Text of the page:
Some images are not contained within the body content. In these cases, the process is a bit different. In these instances, you want to insert information into Drupal’s file_managed (link) and file_usage (link) tables. Just make sure that you create the file_managed record before you call node_save (link). Again, you have to do the analysis before the migration to determine which content types are applicable:

if ($title['weblog_id'] == 29) {				
  $file = save_mris_leadership_file($ee_content[$weblog_field_map['29']['image_name']], $drUser->uid); 				

If the weblog_id is a specific content type, I want to save the image that is contained in the record to the file_managed table (save_mris_leadership_file).

function save_mris_leadership_file($imageName, $uid) {
  // set the path for the original image
  $img = '_res/img/photos/' . $imageName;
  $image = image_load($img);
  if ($image) {
    // scale the image
    image_scale($image, 112, 160);
    // copy the image to the relevant content type's location
    image_save($image, 'sites/default/files/mris_leadership/'. $imageName);
    $file = new stdClass;
    $file->uid = $uid;
    $file->filename = $imageName;
    $file->uri = 'public://mris_leadership/' . $imageName;
    $file->status = FILE_STATUS_PERMANENT;
    $file->filemime = mime_content_type($imageName);
    // store the image information in the file_managed table
    // return the image information
    return $file;
  } else {
    return NULL;

After the node is saved, we want to add the image info to the file_usage table:

if($node = node_submit($node)) { // Prepare node for saving
  if ($title['weblog_id'] == 29) {
    if ($file) {
      file_usage_add($file, 'mris_leadership', 'node', $node->nid);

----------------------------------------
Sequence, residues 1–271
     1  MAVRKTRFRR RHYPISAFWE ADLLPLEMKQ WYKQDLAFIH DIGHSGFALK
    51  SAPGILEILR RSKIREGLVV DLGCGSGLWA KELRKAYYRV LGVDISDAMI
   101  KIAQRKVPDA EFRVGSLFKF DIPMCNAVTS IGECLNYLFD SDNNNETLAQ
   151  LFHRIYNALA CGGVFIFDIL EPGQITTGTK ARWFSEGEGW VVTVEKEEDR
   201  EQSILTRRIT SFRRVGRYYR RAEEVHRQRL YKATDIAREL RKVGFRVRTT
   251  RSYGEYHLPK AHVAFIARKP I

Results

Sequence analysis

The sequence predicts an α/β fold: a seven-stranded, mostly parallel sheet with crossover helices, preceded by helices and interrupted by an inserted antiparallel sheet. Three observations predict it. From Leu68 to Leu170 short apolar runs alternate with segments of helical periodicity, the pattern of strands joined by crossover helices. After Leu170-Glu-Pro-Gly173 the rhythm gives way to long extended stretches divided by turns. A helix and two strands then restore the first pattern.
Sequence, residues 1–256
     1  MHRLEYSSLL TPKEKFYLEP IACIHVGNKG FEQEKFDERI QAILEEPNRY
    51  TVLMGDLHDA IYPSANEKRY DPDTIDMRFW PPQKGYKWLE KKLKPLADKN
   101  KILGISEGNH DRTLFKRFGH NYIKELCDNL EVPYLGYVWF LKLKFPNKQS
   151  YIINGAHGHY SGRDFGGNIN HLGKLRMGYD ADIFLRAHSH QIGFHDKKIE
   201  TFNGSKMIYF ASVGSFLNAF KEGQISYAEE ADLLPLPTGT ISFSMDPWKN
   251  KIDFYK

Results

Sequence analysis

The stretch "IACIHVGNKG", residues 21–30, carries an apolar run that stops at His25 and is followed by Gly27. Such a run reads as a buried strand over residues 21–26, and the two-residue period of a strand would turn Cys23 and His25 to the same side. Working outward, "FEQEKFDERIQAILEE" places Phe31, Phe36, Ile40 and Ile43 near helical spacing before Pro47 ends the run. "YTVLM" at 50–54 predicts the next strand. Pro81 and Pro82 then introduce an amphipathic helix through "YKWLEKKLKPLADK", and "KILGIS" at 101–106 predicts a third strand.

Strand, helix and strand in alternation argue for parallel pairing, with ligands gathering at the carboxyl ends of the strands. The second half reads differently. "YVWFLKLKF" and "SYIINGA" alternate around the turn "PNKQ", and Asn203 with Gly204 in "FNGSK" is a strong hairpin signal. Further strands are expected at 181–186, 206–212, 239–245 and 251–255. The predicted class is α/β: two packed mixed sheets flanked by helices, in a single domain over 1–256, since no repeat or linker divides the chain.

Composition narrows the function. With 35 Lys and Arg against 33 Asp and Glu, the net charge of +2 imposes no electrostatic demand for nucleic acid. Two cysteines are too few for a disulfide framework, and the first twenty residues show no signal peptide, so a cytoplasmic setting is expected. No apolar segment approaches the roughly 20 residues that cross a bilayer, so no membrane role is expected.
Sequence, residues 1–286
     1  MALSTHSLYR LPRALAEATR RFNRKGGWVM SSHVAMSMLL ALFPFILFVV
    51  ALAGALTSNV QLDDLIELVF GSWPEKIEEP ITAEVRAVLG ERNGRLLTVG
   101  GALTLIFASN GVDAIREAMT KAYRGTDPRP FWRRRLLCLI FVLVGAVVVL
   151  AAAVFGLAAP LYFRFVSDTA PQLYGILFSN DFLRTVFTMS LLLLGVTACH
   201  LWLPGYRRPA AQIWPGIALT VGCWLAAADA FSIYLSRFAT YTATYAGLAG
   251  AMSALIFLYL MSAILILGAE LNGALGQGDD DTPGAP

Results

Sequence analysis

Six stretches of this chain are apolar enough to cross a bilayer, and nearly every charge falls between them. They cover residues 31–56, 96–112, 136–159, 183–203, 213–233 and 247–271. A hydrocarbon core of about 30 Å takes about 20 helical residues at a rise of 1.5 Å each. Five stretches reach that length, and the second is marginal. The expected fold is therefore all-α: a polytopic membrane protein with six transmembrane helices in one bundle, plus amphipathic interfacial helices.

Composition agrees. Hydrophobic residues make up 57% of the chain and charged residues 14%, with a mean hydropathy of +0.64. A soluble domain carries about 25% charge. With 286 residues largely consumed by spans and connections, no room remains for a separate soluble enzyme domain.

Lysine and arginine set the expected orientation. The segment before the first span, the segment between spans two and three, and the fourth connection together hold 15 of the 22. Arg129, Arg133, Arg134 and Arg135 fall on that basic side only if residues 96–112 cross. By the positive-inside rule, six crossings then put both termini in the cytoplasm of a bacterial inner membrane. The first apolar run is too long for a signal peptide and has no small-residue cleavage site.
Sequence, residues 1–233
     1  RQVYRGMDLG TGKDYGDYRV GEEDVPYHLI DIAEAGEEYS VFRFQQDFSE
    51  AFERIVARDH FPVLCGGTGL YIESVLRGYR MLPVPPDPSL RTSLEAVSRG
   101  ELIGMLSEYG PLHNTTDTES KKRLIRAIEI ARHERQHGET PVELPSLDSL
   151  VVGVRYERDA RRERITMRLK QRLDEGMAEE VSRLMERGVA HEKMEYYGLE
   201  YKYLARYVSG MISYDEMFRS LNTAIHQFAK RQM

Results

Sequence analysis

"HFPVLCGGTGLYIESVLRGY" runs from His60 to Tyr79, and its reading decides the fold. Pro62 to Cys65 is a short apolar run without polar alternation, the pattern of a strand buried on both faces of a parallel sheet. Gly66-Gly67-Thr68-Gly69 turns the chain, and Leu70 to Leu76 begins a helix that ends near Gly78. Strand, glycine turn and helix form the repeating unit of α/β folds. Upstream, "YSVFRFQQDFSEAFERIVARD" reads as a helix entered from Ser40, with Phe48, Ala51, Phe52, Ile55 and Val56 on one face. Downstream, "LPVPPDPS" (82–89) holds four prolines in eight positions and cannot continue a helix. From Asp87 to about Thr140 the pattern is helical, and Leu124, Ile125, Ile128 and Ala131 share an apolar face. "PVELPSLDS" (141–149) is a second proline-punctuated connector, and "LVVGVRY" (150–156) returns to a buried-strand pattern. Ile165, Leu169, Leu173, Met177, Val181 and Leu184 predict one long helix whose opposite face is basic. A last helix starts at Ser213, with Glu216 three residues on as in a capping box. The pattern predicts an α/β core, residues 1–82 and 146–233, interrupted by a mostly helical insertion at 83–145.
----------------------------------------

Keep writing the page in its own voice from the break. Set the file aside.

Main Menu Migration

I collected the url information for each post while still in the foreach loop.

// get the url title and parent url
$path = getURLPath($ee, $title['entry_id'], $title['url_title'], $type['blog_name']);

After the node is saved, I store the url information in an associative array whose key is the node’s vid.

function createMainMenu($menuItems) {
  $proceed = createFooterMenu();
  $footerItems = array('Site Map', 'Feedback', 'Privacy Policy', 'Terms of Use', 'Copyright Notice', 'Disclaimer', 'Fair Housing');
  foreach ($menuItems as $key => $value) {
    $link = array();
    if (in_array($value['title'], $footerItems)) {
      $link['menu_name'] = 'menu-footer-menu';
    } else {
      $link['menu_name'] = 'main-menu';
    $parentUrl = rtrim($value['parentUrl'], '/');
    // Public records has no menu link. 
    if (!in_array($parentUrl, array('public_records_county', 'public_records_state', 'public_records_federal'))) {
      $levels = explode('/', $parentUrl);			
      //I only want two levels for the main menu
      if (count($levels) == 1) {
        // create an array to store menu items
	// see menu_link_save
	// http://api.drupal.org/api/drupal/includes!menu.inc/function/menu_link_save/7
	$link['link_title'] = $value['title']; 
	$link['link_path'] = 'node/'. $key; 
	//$link['router_path'] = $value['path'];
	if ($value['parentUrl'] != '') {
	  $url_alias = db_query('SELECT source FROM {url_alias} WHERE alias = :pUrl', array(':pUrl' => $parentUrl))->fetchAssoc();
	  echo 'alias source: ' . $url_alias['source'] . '<br />';
	  $parent = db_query('SELECT mlid FROM {menu_links} WHERE link_path = :lnkPath', array(':lnkPath' => $url_alias['source']))->fetchAssoc();
	  $link['plid'] = $parent['mlid'];
	// save the 
  // clear the menu cache
  return TRUE;

Well, that’s about it. Migrating ExpressionEngine to Drupal can be very frustrating, but it is really not that difficult. The entire script can be found on GitHub. Enjoy.